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Recipe Testers' Reviews

There were a couple things I’d change about this homemade ketchup recipe recipe, but the end result was so good it still merits a Testers’ Choice. In the interest of full disclosure, I’ll confess that I’m not a big fan of regular ketchup. My husband, on the other hand, loves the stuff. We tasted this side by side with some Heinz ketchup. The dipping vehicle of choice was onion rings. The result of our tasting was that we both preferred the homemade ketchup to the Heinz. The commercial ketchup was noticeably sweeter. The homemade was brighter in flavor and a bit saltier. The spices were present without being overpowering or even individually identifiable. In short, it was delicious, even to a ketchup-hater like me.

If I were to change anything, it’d be to reduce the salt just a little. If you decide to make this, make sure you have a really big pot. The author says you need at least an 8-quart pot, and you need to listen to him. You’ll also need to allow plenty of time to make this recipe. The finest screen on my food mill wasn’t fine enough to remove all the seeds from the tomato pulp, but that was okay. There were some seeds in my ketchup and it didn’t bother us at all. I also didn’t do a final purée at the end. I felt the ketchup was smooth enough—not perfectly smooth, but a perfectly acceptable texture.

My older daughter, who loves ketchup, helped me out during the process of making the homemade ketchup recipe, continually tasting it to make sure it was to her liking and as similar as possible to the organic Heinz ketchup we usually buy. This was a tough recipe for me to test as I absolutely dislike ketchup. But the entire process is pretty easy.

I used homegrown beefsteak tomatoes, which are more meaty. It took about 1 hour to reduce the liquid part and make it syrupy, but it never became thick. So my daughter thought of adding cornstarch, which did the trick to thicken it. I also ended up adding 3 more tablespoons of sugar. The final result, as per my daughter, is very similar to Heinz ketchup, except it’s just a bit darker. Now for someone who doesn’t care for ketchup, is it worth the trouble? I’m not quite sure. But I’ll make it again, mainly because I know exactly what’s in it as opposed to the store-bought kind.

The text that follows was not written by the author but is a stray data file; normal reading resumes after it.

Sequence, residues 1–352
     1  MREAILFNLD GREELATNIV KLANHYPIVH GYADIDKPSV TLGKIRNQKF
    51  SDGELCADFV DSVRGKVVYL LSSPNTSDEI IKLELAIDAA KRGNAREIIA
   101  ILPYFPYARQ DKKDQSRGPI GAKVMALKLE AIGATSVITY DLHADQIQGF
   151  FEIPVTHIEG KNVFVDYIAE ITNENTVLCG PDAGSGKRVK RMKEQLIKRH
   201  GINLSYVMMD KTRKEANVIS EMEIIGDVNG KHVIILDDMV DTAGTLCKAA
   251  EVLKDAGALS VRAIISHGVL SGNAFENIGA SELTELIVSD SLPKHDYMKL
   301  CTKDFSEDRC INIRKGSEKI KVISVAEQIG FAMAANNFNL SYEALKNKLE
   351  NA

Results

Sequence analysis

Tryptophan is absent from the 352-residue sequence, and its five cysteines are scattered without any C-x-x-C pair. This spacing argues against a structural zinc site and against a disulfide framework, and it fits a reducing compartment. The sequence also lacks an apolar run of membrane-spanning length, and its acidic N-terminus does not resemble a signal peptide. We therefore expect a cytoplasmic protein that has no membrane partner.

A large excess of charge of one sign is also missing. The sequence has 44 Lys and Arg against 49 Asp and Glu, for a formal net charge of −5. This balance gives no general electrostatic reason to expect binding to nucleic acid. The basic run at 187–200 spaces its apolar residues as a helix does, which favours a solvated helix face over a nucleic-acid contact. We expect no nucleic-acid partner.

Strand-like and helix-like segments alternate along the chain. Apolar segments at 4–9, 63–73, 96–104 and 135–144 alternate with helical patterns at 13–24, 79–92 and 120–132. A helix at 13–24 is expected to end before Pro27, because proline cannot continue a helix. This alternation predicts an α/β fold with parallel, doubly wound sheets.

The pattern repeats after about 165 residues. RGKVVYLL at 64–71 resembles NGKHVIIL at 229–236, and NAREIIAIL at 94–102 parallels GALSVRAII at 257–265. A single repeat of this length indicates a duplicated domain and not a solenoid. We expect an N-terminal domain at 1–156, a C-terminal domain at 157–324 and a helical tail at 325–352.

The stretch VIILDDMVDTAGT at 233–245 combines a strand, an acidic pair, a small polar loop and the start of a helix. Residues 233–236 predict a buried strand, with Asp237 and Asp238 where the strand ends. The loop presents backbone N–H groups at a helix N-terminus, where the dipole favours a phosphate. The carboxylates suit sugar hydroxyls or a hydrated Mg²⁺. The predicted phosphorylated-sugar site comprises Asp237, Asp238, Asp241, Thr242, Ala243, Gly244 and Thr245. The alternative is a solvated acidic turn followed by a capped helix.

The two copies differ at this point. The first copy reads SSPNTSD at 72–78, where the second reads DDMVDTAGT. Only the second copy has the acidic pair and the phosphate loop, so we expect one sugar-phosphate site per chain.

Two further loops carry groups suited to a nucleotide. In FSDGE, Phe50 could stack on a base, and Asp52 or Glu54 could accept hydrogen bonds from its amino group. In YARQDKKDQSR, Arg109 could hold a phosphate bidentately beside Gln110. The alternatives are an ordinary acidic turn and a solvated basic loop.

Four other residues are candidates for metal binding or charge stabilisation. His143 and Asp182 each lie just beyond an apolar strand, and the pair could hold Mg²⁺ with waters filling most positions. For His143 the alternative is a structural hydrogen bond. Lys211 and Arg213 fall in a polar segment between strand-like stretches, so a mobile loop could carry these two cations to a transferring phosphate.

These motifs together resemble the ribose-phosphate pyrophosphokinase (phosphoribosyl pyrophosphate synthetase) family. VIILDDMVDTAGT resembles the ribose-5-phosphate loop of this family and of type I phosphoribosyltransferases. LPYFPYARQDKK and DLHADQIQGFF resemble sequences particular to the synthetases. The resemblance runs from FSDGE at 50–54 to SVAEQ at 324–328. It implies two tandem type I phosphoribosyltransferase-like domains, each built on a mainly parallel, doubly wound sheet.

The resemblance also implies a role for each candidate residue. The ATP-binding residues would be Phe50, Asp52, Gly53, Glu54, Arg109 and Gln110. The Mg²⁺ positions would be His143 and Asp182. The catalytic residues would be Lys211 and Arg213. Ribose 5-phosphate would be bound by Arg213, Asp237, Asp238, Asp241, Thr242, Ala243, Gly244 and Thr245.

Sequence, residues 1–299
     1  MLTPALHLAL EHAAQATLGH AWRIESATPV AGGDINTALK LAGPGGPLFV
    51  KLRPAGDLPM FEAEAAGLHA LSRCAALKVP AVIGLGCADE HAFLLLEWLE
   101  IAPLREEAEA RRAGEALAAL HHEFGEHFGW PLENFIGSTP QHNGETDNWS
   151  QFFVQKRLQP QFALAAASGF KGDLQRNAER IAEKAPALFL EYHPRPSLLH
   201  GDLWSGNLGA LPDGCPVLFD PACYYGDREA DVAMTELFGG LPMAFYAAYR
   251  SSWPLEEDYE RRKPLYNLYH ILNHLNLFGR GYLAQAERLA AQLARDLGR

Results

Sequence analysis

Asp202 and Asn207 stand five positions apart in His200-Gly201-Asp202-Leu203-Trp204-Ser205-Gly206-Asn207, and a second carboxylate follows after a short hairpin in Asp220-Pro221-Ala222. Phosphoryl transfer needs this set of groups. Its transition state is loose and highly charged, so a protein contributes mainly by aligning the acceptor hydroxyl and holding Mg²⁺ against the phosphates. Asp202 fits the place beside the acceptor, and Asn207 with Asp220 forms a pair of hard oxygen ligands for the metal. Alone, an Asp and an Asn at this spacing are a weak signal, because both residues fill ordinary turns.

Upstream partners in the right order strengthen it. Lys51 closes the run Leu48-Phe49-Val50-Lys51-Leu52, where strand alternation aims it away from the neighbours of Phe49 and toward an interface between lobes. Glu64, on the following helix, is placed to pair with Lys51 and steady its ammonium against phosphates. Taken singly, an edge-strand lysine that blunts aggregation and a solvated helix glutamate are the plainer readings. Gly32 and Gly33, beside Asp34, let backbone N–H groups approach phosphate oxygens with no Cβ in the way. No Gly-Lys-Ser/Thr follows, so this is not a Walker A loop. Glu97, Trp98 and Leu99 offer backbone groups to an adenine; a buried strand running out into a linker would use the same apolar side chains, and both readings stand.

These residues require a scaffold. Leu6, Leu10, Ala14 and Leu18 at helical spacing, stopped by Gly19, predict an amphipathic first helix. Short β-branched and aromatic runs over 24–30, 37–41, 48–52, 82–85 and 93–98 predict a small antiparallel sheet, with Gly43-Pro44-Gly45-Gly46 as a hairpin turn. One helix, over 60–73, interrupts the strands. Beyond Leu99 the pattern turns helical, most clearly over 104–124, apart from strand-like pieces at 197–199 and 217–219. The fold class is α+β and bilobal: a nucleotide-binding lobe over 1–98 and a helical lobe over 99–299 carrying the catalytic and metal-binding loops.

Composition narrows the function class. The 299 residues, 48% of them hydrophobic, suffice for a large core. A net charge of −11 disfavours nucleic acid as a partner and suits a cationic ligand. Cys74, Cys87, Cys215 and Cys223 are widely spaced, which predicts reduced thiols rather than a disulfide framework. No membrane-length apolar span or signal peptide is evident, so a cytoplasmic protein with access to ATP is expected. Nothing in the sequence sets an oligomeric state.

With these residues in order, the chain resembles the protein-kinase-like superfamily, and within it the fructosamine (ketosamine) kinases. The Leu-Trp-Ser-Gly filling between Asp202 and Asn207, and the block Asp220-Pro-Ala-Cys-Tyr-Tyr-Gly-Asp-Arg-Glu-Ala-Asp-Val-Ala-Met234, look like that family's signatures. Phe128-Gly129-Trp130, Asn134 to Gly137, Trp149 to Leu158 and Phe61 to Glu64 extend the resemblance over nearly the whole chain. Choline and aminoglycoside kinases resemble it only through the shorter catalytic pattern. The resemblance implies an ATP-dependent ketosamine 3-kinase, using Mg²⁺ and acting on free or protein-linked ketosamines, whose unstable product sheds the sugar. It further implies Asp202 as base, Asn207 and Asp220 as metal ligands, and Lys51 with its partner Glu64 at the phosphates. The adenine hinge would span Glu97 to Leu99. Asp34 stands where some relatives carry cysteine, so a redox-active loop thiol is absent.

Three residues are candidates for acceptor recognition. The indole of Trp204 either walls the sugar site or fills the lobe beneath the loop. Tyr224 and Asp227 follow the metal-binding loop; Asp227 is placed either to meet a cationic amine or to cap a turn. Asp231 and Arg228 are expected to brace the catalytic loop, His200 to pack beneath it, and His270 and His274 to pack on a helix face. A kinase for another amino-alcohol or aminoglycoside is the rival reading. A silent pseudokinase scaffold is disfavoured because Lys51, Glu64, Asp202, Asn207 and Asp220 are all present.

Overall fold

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Comments

  1. Was wondering if you would have more information about the canning of this? I see there is an acid (vinegar) in the recipe, is this enough to just do a water bath canning? Or, should I go the longer way around and pressure can? Any help would be appreciated as my tomato plants are starting to produce.

    Also was wondering as I have a steam juicer, would this work better for collection and boiling down of the tomato juice?
    Inquiring mind here….

    1. And Sue, another of our testers, offers this tip–“When I have a question like this I always call a state university extension service. Almost every state university has one and they’re amazingly helpful. I’m from Atlanta so I use the UGA extension service but it doesn’t matter where you live or are from. They’re always helpful and it’s great to get correct information. I’d always rather be safe than waste a lot of time and ingredients.”

    2. Hi Phyllis, I asked Melissa, one of our testers here at LC, and this is her advice-
      “I would be willing to go out on a limb and say you could do this in a hot water bath. Some people do tomatoes that way as is, as tomatoes are fairly acidic, although pressure canning is preferred. This having some added vinegar, and sugar (also a preservative), and salt (once again a preservative), I think it would be OK in the hot water bath. That said, because this is already cooked quite a bit in the making, I don’t think pressure canning would cause any loss of quality, and would of course be the safest option. I bet it would also do just fine in the freezer.” As far as your steam juicer question, well, you have a pretty well equipped kitchen! Any other steam juicer owners out there?

      1. I have a steam juicer. We often use it for grape and pear juice canning. I wonder if it works for this recipe?

        1. Hi Hope, I can honestly say that I’ve never used a steam juicer although they look like quite the fun contraption. Perhaps one of our readers has tried one for this recipe? If you do give it a whirl, please come back and tell us how it turned out.

  2. Now that I realize GMOs are in too many products we buy I am thrilled to get this recipe. I have learned from my mother that a good homemade meal is truly the best.